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Scalar

Two types of variables exist in the Korn shell. The first is a string; the second is a number. Of the numbers, two types are available: integers and floating-point. Most Korn shell implementations support integer numbers only. Korn shell 93, however, supports floating-point numbers. Integers are whole numbers, such as 14 and -999. Floating-points are numbers that can contain a fraction, such as 3.14159 or -99.54.

A scalar is your basic name-value pair that has been discussed in this book. A scalar has a varname and a value. That value can be accessed and assigned by the programmer, as is shown in the next two sections.

Accessing

To this point, the discussion has indicated that a variable has a value. The question therefore becomes, How do you access the value of the variable? Fortunately, the answer is simple. The dollar sign ($) preceding the variable name is used to access the value of the variable.

As an example, look at the following work that was done at the command line:

$ echo PS1
PS1
$ echo $PS1
$ # Displays the contents of PS1 which is the $

The command echo is used to show values. In the first line of the previous code, PS1 is echoed. Sure enough, the shell returns PS1. When the dollar sign is placed before the varname, $PS1, the shell returns the value associated with the variable PS1 (PS1 means prompt string number one).

Assigning

Assigning a value to a varname can be accomplished by placing an equal sign between the varname and the value. A space can't exist either before or after the equal sign. Although you might not have thought about it, you have already seen the assigning of variables in action when you looked at the .profile file in Chapter 1. Here are some examples from that file:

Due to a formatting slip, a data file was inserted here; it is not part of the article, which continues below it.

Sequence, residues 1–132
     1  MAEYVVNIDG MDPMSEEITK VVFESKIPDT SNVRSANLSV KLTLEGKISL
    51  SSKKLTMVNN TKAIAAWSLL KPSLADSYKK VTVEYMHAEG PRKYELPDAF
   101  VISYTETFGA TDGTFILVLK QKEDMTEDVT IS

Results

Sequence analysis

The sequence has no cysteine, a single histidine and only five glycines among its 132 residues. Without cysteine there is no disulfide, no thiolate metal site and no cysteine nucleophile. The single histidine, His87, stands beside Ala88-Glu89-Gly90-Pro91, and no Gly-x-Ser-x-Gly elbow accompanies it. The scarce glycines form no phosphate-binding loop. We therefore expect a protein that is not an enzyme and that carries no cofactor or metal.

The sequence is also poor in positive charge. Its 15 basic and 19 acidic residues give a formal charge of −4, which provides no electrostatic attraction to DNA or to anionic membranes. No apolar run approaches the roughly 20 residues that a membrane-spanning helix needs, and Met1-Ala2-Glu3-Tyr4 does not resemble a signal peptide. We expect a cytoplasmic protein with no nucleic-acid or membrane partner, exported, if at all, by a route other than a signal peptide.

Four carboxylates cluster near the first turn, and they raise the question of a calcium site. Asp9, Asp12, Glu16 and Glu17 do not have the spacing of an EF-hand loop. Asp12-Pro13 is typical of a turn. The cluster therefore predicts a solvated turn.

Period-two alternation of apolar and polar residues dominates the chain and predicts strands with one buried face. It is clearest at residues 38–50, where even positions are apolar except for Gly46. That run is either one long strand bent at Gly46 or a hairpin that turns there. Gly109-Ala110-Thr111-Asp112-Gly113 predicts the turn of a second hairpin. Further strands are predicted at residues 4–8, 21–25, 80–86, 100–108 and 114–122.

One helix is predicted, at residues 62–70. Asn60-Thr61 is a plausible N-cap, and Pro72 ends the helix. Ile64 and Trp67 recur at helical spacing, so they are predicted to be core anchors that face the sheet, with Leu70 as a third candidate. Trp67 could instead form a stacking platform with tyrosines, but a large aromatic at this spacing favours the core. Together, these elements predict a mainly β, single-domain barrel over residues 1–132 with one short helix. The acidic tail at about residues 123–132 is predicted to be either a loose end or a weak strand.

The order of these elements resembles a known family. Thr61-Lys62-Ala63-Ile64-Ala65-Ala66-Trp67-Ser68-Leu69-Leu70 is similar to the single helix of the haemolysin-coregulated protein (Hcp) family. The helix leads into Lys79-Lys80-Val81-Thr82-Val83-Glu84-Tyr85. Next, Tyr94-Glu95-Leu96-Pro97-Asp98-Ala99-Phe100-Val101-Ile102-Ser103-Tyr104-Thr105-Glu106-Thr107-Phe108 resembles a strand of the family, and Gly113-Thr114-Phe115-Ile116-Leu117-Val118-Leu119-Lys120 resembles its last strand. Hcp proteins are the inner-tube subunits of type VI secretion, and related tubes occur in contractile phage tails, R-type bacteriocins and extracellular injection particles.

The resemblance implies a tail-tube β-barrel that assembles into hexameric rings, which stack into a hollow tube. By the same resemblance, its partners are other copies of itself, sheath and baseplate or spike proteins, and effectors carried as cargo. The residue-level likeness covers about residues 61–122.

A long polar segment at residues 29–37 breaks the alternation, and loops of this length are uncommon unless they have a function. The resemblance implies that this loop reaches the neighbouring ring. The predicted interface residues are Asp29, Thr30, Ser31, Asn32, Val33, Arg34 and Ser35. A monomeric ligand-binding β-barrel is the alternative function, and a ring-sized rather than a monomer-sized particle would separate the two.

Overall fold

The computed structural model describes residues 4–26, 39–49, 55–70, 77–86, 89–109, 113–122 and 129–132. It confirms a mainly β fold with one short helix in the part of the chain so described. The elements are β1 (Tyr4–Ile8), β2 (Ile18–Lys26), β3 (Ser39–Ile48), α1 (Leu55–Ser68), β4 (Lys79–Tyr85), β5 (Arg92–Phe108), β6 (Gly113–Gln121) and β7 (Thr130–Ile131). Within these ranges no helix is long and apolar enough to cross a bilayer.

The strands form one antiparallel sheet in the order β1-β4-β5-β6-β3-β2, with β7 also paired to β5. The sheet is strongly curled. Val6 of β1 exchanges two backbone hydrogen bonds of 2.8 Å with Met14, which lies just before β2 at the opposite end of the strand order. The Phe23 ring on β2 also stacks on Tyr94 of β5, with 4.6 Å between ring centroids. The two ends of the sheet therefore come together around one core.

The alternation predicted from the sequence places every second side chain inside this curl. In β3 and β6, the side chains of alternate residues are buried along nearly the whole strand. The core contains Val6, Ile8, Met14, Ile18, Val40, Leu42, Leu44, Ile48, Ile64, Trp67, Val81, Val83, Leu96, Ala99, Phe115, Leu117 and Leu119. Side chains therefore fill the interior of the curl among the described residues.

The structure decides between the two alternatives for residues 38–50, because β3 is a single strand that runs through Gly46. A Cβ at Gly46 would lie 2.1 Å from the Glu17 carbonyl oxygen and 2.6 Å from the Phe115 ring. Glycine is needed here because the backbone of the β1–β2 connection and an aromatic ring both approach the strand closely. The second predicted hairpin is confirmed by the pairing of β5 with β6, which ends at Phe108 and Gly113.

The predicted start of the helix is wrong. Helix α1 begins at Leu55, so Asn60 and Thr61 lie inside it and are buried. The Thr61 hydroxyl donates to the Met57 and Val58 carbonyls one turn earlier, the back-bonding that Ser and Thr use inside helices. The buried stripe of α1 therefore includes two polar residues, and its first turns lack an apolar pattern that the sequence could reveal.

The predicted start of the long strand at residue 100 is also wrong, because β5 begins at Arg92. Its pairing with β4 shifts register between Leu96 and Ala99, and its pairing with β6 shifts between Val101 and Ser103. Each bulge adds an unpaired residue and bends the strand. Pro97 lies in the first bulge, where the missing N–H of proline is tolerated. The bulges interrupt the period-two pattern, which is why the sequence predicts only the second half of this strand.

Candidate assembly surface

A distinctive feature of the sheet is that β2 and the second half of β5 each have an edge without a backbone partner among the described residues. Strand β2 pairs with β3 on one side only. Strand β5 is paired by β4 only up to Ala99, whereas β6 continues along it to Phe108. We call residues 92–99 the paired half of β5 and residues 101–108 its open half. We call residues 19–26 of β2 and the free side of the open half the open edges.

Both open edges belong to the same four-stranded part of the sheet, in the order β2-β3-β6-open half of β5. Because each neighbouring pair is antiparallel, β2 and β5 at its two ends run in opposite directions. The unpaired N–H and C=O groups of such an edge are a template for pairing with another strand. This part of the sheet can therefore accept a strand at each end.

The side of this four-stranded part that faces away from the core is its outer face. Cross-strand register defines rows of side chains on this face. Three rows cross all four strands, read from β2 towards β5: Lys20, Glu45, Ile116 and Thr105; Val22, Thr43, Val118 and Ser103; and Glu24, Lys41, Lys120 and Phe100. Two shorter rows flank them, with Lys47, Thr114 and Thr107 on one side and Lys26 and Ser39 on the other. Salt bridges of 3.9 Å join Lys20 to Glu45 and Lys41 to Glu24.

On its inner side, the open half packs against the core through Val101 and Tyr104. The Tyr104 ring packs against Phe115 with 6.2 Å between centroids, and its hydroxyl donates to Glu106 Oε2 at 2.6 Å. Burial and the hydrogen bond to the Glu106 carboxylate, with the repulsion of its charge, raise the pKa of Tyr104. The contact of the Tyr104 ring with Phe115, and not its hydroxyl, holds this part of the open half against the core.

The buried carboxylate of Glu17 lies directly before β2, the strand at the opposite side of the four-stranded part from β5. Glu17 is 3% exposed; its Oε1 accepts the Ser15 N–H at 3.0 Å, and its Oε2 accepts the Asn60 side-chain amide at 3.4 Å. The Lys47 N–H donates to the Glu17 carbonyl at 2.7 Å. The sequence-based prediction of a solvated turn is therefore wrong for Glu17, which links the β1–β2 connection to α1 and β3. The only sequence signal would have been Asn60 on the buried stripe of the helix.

HISTSIZE=1000
HISTFILESIZE=1000

If a space is used in the value, the value must be placed within quotes, as seen in the following examples:

KSH_VERSION='@(#)PD KSH v5.2.14 99/07/13.2'
PS1='$ '

More on quoting is discussed in Chapter 5, "Quoting." In the following example, three variables are defined as integers:

integer x=0
integer y=1000
integer Num=0

typeset

The typeset command is used to define variables. Many variables have aliases that are actually typeset commands. For example, integer, from the previous section, is an alias for typeset -i. The syntax for typeset is

typeset [+-AHlnprtux] [+-ELFRZi[n]] [name[=value]]

This command is used to set and unset attributes for variables, or to list the varnames and attributes of all variables.

Table 3.1 lists many commonly used attributes and their meanings. Note that not all of these are compatible with all versions of UNIX/Linux. Some of these are specific to Korn Shell 93. Check the man pages for your distribution of UNIX/Linux for a complete listing.

Table 3.1  Typeset attributes

Attribute

Meaning

-

Used to set attributes after setting value(s)

+

Used to unset attributes after setting values

-A

Associative array

-E

Exponential number; n specifies the significant digits

-F

Floating-point number; n specifies the number of decimal places (ksh 93)

-i

Integer; n specifies the arithmetic base

-l

Lowercase

-L

Left justifies; n specifies field width

-LZ

Left justifies and strips leading zeros; n specifies field width

-n

Name reference

-p

Displays variable names, attributes, and values of all variables

-R

Right justifies; n specifies field width

-r

Read-only

-RZ

Right justifies; n specifies field width and fills with leading zeros

-u

Uppercase

-x

Export

-Z

Zero-filled; n specifies field width; same as -RZ


Here are some examples using typeset. The first displays the names and attributes of all variables:

$ typeset –p # Print typeset variables
readonly HISTFILESIZE=1000
readonly HISTSIZE=1000
readonly HOME=/home/shell
readonly HOSTCHAR=MOOSE
readonly HOSTNAME=moose.net
readonly IFS='
'
readonly INPUTRC=/etc/inputrc
readonly KDEDIR=/usr
readonly KSH_VERSION='@(#)PD KSH v5.2.14 99/07/13.2'